B.C.’s Dr. Bonnie Henry is getting well-deserved kudos for her handling of the COVID-19 pandemic, the latest an article in the New York Times.
The many British Columbians who followed her instructions also need a thank you. Let’s hope the naysayers don’t mess up the re-openings.
The late Bertrand Russell, noted philosopher and social commentator, said “Collective fear stimulates herd instinct, and tends to produce ferocity toward those who are not regarded as members of the herd.”
The biggest herd we have today is the white, economically comfortable, business- as- usual crowd. We have a herd believing we must stop the COVID-19 pandemic, another that thinks it’s a plot to restrict our freedoms. There are a number of different herds reacting to the current anti-racist protests.
The worldwide protests began over a disturbing police incident caught on video and widely publicized. It called attention to improper/illegal conduct and apparent racism on the part of four policemen and it has resulted in calls for police system reforms in the U.S. and Canada.
My personal experience with the police is practically nil, but my understanding is their job is to uphold law and order by detection, prevention and investigation. Police officers aren’t judge and jury. They aren’t trained health or social workers, either, so why are they called on to deal with people with mental health or social problems? Aren’t those issues better handled by the professionals in the helping agencies?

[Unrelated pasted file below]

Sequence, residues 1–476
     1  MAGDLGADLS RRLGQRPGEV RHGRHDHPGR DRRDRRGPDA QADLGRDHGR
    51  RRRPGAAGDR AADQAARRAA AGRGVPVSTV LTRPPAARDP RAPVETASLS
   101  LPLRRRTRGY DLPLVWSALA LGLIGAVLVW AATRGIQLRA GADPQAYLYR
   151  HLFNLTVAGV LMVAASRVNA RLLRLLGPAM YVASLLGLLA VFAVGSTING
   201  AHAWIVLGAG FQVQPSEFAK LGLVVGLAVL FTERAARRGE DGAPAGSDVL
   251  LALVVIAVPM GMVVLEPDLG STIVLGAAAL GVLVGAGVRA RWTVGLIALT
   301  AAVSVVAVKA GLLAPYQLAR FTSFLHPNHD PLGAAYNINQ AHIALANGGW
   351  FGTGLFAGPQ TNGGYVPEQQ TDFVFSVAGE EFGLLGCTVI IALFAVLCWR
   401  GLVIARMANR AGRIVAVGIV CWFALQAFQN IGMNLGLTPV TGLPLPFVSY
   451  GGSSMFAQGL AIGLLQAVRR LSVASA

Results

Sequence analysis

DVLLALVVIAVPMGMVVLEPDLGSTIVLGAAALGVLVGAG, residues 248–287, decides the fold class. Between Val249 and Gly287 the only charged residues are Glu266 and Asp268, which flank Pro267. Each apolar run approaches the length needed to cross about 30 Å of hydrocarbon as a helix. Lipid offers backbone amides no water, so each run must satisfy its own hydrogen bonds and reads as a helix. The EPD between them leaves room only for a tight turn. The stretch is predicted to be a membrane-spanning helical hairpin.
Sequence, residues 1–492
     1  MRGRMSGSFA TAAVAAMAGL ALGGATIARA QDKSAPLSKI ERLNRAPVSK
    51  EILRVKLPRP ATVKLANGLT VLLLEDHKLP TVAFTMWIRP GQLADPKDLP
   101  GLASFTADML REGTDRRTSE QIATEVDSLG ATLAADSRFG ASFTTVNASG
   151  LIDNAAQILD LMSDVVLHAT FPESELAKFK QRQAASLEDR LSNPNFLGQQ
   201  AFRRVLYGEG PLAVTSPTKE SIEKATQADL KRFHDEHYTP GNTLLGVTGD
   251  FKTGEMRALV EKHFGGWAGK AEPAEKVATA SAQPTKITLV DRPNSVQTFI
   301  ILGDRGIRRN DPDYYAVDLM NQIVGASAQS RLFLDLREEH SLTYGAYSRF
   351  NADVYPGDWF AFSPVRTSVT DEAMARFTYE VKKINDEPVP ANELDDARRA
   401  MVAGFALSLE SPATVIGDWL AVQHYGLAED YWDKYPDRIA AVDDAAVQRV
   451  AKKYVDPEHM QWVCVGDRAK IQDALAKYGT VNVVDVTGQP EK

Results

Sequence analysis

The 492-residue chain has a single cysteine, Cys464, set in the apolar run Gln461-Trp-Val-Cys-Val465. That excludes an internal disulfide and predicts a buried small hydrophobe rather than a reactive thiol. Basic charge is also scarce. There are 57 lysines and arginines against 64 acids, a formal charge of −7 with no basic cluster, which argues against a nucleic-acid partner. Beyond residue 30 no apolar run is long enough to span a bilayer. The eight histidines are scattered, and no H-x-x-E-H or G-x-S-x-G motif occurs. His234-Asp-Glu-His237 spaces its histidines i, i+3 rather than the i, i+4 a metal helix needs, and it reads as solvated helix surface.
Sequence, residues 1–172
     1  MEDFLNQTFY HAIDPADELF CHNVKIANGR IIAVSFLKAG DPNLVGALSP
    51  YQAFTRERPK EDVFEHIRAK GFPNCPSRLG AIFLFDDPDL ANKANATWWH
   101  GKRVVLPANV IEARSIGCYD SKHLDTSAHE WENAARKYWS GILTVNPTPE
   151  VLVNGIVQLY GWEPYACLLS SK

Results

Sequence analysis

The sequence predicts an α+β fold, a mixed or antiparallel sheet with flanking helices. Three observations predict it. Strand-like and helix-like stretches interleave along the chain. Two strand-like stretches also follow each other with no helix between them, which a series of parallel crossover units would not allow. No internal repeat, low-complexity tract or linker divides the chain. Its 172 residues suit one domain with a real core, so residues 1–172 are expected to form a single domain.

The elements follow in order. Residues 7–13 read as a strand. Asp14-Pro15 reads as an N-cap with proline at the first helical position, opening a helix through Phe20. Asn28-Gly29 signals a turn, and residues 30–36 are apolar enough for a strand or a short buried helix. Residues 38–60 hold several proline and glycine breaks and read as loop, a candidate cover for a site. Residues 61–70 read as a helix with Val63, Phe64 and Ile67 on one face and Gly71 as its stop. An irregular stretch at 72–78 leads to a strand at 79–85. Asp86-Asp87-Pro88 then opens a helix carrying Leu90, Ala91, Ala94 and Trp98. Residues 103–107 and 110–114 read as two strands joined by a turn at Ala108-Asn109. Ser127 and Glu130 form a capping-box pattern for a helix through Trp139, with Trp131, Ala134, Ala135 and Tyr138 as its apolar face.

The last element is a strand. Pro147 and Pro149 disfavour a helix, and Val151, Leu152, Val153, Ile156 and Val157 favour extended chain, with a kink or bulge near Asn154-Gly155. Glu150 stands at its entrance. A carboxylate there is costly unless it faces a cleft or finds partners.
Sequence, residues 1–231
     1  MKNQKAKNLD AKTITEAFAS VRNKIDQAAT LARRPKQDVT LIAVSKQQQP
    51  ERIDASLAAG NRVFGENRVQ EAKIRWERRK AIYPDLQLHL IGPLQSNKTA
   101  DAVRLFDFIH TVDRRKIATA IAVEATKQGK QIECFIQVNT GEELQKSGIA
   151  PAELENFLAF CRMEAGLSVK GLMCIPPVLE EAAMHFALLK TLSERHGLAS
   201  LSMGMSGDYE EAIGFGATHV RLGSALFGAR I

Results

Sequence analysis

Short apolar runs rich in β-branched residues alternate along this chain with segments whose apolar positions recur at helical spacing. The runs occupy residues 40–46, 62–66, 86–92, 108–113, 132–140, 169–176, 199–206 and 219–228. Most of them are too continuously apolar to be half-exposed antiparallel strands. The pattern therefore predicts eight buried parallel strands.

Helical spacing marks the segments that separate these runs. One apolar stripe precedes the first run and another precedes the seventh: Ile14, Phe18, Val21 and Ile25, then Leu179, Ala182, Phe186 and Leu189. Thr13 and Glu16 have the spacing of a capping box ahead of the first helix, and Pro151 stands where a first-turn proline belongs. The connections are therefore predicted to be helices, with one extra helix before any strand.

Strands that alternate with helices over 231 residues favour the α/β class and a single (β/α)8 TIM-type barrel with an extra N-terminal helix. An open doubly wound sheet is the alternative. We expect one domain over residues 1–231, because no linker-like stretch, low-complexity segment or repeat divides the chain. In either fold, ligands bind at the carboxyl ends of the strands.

Case in point. New Brunswick police were called in to do a wellness check on 26-year-old Chantel Moore. She was shot after moving toward the officer with a knife.Was this in their line of duty? Is it impossible to have a system where 9-1-1 responders can direct complaints to the appropriate agencies, leaving the police free to deal with criminals?
Diana French is a freelance columnist for the Tribune.